Despite the recession, moviegoers turned out as they always do this time of year, but if the reviews are any indication, they probably didn't enjoy themselves too much. The top three movies in the country all overcame (or partially overcame, anyway) toxic buzz to get some Joementum heading into Christmas: The Jim Carrey comedy Yes Man ("Carrey has bled the well dry, doing everything he knows how to do, over and over again, just to prove that he still knows how to do it." —Stephanie Zacharek, Salon.com) took first place with $18.1 million, barely edging out the $16 million raked by Will Smith's critical whipping boy, Seven Pounds ("Among the most transcendently, eye-poppingly, call-your-friend-ranting-in-the-middle-of-the-night-just-to-go-over-it-one-more-time crazily awful motion pictures ever made." —A.O. Scott, New York Times). The week's other wide release, the sub-Ratatouille cartoon The Tale Of Despereaux, limping into third with $10.5 million.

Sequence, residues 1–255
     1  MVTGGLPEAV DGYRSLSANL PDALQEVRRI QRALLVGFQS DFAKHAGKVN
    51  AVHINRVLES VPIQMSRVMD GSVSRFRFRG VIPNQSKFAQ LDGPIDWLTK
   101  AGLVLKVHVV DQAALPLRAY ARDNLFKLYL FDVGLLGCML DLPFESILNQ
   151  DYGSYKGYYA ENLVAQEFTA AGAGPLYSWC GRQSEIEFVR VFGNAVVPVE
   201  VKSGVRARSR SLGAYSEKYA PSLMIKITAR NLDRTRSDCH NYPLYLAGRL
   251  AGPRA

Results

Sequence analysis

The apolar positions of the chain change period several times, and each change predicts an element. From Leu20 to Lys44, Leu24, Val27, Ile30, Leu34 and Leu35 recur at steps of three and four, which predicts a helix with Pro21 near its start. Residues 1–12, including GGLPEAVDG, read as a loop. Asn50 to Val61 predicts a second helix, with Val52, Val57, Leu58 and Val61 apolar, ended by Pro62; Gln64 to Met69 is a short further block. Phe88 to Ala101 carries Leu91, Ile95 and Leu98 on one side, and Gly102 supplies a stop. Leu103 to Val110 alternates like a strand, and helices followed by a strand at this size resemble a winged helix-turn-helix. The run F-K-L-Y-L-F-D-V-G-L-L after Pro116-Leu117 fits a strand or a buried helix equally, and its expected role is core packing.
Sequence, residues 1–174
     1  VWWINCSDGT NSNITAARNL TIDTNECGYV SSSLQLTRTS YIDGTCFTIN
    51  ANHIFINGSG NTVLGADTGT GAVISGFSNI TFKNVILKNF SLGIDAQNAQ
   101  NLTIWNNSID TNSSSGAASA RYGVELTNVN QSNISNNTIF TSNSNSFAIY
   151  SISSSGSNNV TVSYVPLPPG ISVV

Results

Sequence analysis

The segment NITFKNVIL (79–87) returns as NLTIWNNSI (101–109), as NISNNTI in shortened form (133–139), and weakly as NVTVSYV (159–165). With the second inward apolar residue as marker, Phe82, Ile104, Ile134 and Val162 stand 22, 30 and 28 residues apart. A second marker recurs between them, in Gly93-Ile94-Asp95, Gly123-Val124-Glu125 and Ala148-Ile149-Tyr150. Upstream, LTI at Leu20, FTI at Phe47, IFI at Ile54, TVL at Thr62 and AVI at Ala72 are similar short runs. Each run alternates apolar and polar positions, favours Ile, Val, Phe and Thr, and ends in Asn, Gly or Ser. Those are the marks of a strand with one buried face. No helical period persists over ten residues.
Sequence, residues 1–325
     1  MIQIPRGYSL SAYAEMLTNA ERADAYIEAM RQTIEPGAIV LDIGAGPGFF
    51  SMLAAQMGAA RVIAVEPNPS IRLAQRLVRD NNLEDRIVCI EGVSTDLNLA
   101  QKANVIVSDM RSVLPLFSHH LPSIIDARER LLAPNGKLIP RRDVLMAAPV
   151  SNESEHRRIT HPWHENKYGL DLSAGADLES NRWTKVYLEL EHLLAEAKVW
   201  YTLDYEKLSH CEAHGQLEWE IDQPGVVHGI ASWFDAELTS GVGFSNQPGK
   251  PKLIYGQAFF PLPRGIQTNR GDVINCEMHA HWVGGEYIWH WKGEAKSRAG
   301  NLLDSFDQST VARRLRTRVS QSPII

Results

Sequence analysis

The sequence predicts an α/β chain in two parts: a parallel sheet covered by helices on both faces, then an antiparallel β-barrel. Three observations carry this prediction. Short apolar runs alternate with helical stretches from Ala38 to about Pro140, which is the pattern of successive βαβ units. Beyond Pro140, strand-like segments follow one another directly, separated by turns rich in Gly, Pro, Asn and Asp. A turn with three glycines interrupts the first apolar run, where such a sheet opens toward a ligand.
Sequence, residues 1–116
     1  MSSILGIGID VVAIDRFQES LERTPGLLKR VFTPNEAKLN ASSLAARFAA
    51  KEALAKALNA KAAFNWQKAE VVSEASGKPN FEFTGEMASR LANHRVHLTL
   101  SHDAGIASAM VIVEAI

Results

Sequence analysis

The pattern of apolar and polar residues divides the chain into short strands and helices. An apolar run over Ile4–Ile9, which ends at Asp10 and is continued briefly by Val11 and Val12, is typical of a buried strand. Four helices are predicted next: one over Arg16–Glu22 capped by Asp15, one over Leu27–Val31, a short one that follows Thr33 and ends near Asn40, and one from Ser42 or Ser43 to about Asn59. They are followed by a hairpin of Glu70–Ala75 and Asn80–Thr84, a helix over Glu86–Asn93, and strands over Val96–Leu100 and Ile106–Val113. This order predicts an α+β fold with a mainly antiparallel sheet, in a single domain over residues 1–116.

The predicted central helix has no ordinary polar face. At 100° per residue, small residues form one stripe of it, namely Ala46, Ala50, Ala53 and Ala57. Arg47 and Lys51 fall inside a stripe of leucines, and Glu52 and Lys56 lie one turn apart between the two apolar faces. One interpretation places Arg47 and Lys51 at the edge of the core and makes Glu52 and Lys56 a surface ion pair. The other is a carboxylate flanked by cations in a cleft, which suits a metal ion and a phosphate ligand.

But hey, this is the time of year when prestige movies are supposed to shine, and there's better news on that front. Darren Aronofsky's The Wrestler tempted plenty to believe in a Mickey Rourke comeback, crushing the field with a per-screen-average of $52,250 on four screens. Also faring well: Slumdog Millionaire, which broke into the Top 10 with a $3.2 million take, despite being on only 589 screens; Milk, another certain Oscar contender, held steady with a $4600 per-screen-average on 356 screens; and Doubt ($18,700 per screen) and Gran Torino ($24,600 per screen) also did well in much more limited runs.
More detailed numbers available at Box Office Mojo.